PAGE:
Matthew Clavin






University of North Carolina Press


The Role of Fugitive Slaves in the Workings of the Underground Railroad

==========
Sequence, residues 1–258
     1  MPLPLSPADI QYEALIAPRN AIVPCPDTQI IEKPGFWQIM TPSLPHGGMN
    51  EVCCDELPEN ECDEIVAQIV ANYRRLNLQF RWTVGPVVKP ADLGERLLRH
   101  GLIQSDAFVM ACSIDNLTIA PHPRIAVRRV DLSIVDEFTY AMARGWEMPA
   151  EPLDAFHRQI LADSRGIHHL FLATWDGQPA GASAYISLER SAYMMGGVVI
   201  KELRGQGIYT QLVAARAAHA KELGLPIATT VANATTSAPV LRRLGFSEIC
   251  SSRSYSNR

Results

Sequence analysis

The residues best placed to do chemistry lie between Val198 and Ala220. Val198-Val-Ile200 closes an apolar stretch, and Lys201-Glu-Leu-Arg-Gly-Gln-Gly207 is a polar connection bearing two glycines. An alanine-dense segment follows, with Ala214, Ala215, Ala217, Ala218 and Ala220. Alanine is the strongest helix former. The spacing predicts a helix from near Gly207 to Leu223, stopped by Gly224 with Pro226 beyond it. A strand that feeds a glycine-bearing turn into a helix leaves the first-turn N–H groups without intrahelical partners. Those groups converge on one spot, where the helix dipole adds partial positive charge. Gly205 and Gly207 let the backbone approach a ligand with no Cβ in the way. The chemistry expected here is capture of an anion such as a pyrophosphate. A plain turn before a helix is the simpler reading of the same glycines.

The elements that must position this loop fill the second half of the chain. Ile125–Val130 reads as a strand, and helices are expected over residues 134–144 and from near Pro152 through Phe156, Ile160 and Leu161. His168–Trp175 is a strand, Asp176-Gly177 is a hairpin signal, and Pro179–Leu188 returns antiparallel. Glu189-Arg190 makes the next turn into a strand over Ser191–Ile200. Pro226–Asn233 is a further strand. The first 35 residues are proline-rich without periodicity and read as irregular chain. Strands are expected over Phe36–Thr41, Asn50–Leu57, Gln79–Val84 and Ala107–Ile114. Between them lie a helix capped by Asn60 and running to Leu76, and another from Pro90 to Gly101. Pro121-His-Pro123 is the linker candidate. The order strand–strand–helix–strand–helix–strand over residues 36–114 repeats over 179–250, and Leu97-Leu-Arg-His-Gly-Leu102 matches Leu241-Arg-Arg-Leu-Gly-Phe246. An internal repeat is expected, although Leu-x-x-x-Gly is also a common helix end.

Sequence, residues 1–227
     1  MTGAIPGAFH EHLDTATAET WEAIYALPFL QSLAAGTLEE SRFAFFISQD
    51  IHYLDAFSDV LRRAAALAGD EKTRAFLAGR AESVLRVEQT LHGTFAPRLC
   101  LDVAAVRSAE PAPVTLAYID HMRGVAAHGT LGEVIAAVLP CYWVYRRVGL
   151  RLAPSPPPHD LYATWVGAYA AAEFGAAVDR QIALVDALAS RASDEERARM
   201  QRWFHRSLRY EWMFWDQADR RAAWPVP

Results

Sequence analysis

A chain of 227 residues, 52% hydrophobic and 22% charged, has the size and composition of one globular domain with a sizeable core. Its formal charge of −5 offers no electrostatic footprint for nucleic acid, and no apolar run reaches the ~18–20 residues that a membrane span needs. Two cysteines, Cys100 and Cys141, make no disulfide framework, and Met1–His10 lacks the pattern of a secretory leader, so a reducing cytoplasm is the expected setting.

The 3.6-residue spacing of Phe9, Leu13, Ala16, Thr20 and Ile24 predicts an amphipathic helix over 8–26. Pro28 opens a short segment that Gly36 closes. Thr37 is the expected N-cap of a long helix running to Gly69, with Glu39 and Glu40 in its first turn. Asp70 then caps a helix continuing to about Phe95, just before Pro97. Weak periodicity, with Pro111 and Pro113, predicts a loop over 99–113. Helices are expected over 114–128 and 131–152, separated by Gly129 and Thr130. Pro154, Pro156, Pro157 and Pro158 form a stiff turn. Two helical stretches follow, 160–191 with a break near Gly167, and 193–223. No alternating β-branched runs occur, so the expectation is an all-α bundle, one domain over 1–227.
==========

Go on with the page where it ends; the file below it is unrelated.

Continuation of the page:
Based on a series of lectures at the Ann Richards Civil War Center at Penn State University in 2012, this short study furthers the serious analysis of fugitive slaves in the antebellum United States and the legendary network of abolitionist activists who assisted them. Written with the intention of reevaluating the Underground Railroad, the book underscores several emergent themes in the historiography. First, as Larry Gara argued long ago, fugitive slaves in the antebellum South were rarely aided and abetted by free people opposed to slavery; however, those who did were much were likely to remain free upon escaping to the North, Canada, and other areas free from slavery. Second, the men and women who served as railroad station conductors took incredible risks to assist fugitive slaves. Despite the romanticization of the Underground Railroad today, the work of freeing enslaved people was an extraordinarily “dangerous business" (xi). The army of black and white abolitionists that assisted fugitive slaves—and included a surprising number of postmasters, policeman, and other important public officials—faced serious consequences, including imprisonment and death. Third, by attacking continually the status quo, fugitive slaves and their abolitionist allies had a powerful impact on the growing sectional conflict. The Underground Railroad had “serious political ramifications" (2), this volume argues convincingly, influencing political debate locally, regionally, and nationally. The book’s core consists of three evidentiary chapters. “Making Their Way to Freedom" describes the heroic efforts of enslaved people who emancipated themselves and then, once safely out of the reach of their owners, worked to liberate the loved ones they had left behind. Often from great distances, these former slaves became Underground Railroad agents when they corresponded with their friends and family members through an extensive network of communication among free and enslaved black people primarily and the deft use (or as slaveowners would say abuse) of the United States postal service. “The Workings of the 1850 Fugitive Slave Law" reveals the impact of the landmark legislation on the fugitive slave phenomenon on the local level. An analysis of the judicial career of Richard McAllister, a hard-nosed pro-slavery federal commissioner in Pennsylvania, demonstrates how the federal law impacted the lives of suspected fugitive slaves and stirred local antislavery activists to action. McAllister’s failed attempt to win office shortly after his controversial tenure behind the bench proves a shift of northern public opinion regarding slavery in the wake of the Fugitive Slave Law. “Taking Leave: Fugitive Slaves and the Politics of Slavery" is perhaps the most enriching of the main chapters, proving that as the republic inched closer to sectional war in the 1850s, radical abolitionists entered southern cities and towns increasingly in an effort to entice enslaved people away from their owners. Harriet Tubman was only the most famous of a small contingent of free black and white radicals who proved slaveowners’ worst fears by crossing the sectional boundary and delivering slaves to freedom. In response, slaveowners formed quasi-political groups and associations and on at least one occasion organized a slaveholders convention in Baltimore to help guard against the foreign menace. At just over 100 pages in length, Making Freedom: The Underground Railroad and the Politics of Slavery will leave specialists and other scholars wanting more; nonetheless, both groups will benefit from the volume significantly by using it as a starting point for further investigation of the political impact of the Underground Railroad on the growing sectional divide over slavery. At the same time, the book’s brevity makes it an ideal selection for any number of undergraduate courses in American and African American history. It will also appeal to general readers interested in slavery and the Underground Railroad specifically as well as those interested in the major events that preceded and helped produce the Civil War more generally. Matthew Clavin is an Associate Professor of History at the University of Houston.